The Israeli incursion into Gaza came in response to the deployment of a new type of homemade missile – Qassam-2 – by the Hamas organisation. The Islamist group fired one of the new missiles at an Israeli settlement in Gaza on 10 February, causing no damage. Israel responded with a major air raid on a Palestinian security compound in Gaza, followed by raids on the West Bank towns of Hebron and Ramallah.
The subsequent thrust into Gaza was aimed at arresting Hamas members and capturing missiles and mortars, Israeli defence officials said.
US State Department spokesman Richard Boucher on 12 February described the deployment of the new Palestinian missiles as ‘deeply troubling’. However he added: ‘We are seriously concerned about Israeli attacks over the past several days on Palestinian Authority facilities, particularly in areas that are heavily populated by civilians.’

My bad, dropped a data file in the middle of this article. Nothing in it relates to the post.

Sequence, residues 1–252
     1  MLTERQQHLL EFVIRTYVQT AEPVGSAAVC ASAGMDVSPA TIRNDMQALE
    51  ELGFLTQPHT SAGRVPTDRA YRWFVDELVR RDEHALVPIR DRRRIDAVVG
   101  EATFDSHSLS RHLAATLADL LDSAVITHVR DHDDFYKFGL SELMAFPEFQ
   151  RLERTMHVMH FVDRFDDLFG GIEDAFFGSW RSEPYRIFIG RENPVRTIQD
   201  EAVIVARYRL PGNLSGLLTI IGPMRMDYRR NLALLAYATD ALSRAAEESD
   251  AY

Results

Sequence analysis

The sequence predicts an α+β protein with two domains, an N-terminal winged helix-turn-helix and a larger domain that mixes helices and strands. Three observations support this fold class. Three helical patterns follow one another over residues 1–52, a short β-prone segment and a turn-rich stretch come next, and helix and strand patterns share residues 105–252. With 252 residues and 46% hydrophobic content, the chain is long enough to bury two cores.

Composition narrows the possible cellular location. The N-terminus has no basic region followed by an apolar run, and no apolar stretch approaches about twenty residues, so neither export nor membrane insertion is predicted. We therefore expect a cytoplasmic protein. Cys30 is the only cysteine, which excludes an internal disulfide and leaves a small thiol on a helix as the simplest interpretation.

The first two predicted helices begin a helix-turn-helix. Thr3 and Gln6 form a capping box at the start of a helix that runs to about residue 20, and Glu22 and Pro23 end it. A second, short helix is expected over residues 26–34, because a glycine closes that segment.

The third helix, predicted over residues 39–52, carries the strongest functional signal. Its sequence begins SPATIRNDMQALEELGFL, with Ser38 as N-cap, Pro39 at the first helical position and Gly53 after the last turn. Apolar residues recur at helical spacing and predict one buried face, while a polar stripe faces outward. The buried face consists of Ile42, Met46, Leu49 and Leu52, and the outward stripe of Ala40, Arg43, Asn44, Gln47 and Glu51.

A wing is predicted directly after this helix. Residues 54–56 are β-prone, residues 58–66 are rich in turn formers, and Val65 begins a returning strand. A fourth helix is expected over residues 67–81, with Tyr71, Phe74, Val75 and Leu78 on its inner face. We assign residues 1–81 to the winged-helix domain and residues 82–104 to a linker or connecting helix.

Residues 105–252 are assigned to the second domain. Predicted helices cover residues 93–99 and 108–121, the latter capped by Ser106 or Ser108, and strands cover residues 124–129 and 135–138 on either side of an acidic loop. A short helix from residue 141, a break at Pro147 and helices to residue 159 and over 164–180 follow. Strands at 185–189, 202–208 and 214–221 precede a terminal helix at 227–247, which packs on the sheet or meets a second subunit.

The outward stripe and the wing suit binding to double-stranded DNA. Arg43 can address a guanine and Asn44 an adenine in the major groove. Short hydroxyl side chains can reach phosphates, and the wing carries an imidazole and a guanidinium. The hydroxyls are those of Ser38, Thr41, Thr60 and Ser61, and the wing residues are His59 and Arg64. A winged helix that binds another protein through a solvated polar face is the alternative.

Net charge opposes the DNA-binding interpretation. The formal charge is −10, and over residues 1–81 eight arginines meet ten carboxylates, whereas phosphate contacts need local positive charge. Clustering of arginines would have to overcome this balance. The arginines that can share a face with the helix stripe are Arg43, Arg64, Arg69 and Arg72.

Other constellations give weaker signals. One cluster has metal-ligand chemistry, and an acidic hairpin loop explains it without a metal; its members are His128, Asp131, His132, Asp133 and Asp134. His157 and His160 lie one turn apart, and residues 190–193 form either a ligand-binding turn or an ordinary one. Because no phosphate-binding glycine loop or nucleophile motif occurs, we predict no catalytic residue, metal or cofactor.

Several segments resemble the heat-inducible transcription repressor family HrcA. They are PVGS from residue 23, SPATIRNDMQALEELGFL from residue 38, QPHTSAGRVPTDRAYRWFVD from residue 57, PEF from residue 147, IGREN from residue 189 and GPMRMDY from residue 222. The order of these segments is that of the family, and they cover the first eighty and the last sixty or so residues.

US pressure on Arafat eased off after the Palestinian leader sent a letter to Secretary of State Colin Powell concerning the weapons shipment intercepted by Israeli naval forces in the Red Sea in January. ‘He sent me a letter on the Karine-A, accepting responsibility – not personal responsibility, but as chairman of the Palestinian Authority,’ Powell told a congressional committee on 14 February. The US State Department said it was satisfied with the explanation. Israeli Prime Minister Ariel Sharon held talks with US President Bush in Washington on 7 February, but failed to persuade the US to go through with a threat to sever all contacts with Arafat.
Palestinian Legislative Assembly speaker Ahmed Qorei (Abu Alaa) has held talks with Israeli Foreign Affairs Minister Shimon Peres about steps that might be taken towards the creation of a Palestinian state as soon as a lasting ceasefire can be achieved.